Eh Bee Family: Making time and being committed to a schedule is very important. Like exercise, it’s tough for the first three months, but once you get into a routine, it’s much smoother.
Q: How much time do you spend recording?
Jay Piecha: The actual recording of a video probably runs anywhere between 30 and 60 minutes, depending on how many items we’re reviewing and how many “bloopers” occur that day. We don’t use scripts or plan what we’re going to say at all, because we usually just like to roll with our genuine reactions on things, for the most part.
Sunny Lenarduzzi: I try to film my videos in batches, so I generally spend about three hours per month recording four videos for the month. I find it way more efficient this way. The research part of making videos is very extensive and takes a lot of time, but for me, filming is pretty quick and easy.
Eh Bee Family: Depending on the content, anywhere from 30 minutes to two hours.
Q: What is your editing process like?
Jay Piecha: I do all of the editing myself. I spend too much time editing, but luckily I enjoy it, and the challenge of continuously improving has become somewhat of a passion (or obsession) of mine ... I use a program called Screenflow by Telestream for Mac, which is actually known primarily for creating screencast videos ... I am planning to switch to Adobe products like Premier and / or After Effects in the near future, as I feel I’ve outgrown Screenflow, and we have so many ideas I’m unable to implement because of Screenflow’s limited capabilities.
Sunny Lenarduzzi: Up until this point, I’ve been editing my own videos ... However, I’ve come to realize that my efforts should be focused on other areas of my business, so I just recently brought on a freelance editor to support in video creation.
Eh Bee Family: We edit our own videos to make sure our style is maintained at all times. [We] typically spend anywhere between one to three hours depending on the style of the video. [We use] Final Cut Pro; it’s a frustrating tool, but [we] fear [we] will lose time creating content if [we] have to learn something new like Premier.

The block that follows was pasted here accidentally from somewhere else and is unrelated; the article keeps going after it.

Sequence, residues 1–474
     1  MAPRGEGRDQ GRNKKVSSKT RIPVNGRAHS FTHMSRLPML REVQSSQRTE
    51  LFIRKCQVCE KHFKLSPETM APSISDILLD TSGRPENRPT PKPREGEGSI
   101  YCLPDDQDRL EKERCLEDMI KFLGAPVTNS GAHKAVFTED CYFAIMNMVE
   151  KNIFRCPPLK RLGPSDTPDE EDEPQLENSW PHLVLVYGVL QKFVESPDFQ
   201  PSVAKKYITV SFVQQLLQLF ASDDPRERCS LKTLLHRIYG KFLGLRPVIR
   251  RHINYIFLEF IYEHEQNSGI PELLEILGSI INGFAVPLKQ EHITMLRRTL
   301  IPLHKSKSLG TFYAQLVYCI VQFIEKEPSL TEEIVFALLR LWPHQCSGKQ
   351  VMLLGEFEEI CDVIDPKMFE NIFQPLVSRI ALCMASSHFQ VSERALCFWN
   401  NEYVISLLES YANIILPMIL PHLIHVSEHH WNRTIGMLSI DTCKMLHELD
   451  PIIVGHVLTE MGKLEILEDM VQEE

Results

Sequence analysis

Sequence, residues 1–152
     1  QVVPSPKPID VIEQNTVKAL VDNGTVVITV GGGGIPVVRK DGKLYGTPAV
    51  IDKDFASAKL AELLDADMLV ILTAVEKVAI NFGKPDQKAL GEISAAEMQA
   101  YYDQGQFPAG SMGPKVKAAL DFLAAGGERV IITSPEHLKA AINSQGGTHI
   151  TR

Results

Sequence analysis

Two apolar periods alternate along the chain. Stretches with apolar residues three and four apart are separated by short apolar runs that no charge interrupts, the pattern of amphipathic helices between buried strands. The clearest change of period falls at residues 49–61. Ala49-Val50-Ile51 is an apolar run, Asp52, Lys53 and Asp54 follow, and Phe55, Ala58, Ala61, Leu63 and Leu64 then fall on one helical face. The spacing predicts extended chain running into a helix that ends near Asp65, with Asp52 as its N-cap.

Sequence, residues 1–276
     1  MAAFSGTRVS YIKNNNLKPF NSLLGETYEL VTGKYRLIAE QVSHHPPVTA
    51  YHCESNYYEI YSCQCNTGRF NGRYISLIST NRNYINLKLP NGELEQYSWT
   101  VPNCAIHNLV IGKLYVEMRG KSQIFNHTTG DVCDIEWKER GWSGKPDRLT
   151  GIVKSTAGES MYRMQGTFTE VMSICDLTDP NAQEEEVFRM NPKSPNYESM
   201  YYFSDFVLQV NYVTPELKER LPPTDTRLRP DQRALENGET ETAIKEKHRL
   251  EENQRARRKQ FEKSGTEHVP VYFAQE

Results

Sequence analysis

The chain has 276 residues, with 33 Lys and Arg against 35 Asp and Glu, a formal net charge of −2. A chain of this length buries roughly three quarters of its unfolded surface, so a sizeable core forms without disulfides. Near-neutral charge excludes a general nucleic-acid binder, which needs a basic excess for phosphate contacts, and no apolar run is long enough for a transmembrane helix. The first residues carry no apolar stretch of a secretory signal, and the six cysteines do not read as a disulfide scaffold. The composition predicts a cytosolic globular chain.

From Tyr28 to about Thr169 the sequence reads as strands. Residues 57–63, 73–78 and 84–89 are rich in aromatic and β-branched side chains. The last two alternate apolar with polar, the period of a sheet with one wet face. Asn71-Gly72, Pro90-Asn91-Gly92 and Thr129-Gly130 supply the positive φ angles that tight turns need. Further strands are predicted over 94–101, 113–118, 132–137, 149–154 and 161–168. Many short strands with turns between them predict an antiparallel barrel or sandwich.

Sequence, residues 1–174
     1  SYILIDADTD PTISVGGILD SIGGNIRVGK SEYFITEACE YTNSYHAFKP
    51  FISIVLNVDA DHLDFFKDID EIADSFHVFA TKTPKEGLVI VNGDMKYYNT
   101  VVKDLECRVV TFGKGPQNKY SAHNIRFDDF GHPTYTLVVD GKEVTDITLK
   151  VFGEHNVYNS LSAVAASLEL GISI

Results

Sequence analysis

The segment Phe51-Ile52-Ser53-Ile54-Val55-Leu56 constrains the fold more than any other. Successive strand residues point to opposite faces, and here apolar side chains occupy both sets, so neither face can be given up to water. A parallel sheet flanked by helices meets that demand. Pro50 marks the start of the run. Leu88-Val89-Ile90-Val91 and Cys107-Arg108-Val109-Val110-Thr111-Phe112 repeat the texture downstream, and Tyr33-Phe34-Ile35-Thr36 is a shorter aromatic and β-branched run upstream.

Q: Which essentials are a part of your recording or backdrop setup?
Jay Piecha: We use modest gear at the moment, recording video with a Canon DSLR (Rebel T3i), two cheap soft-box lights and a $99 Rode microphone. If you’re just getting started though, don’t assume that you need anything beyond your smartphone and the sun shining through the window. If you’re sitting in front of a decent source of natural light, today’s smartphones can capture great video -- definitely quality enough to get you started.
Sunny Lenarduzzi: Up until recently, my setup consisted of a window for natural light, a few books that acted as my tripod, and my computer and webcam. I still use my Logitech c920 Webcam, and I highly recommend it for anyone thinking about creating YouTube content. I recently converted my den in my apartment into a home studio: I have a white wall behind me as my backdrop, a Rode Record Smartlav mic for quality audio and a cowboy studio lighting setup.
Eh Bee Family: [We use the] Canon G7X, [which has] lots of memory. We also have lighting on hand in case we need to brighten up the backdrop.
Q: How important is consistency in your video release schedule?
Jay Piecha: We’ve actually been quite random with our video uploads. We almost always have a few videos per week, but we don’t really stick to a schedule except for our “Mystery Monday” show, which is a regular segment we have been doing every Monday for 50 episodes now.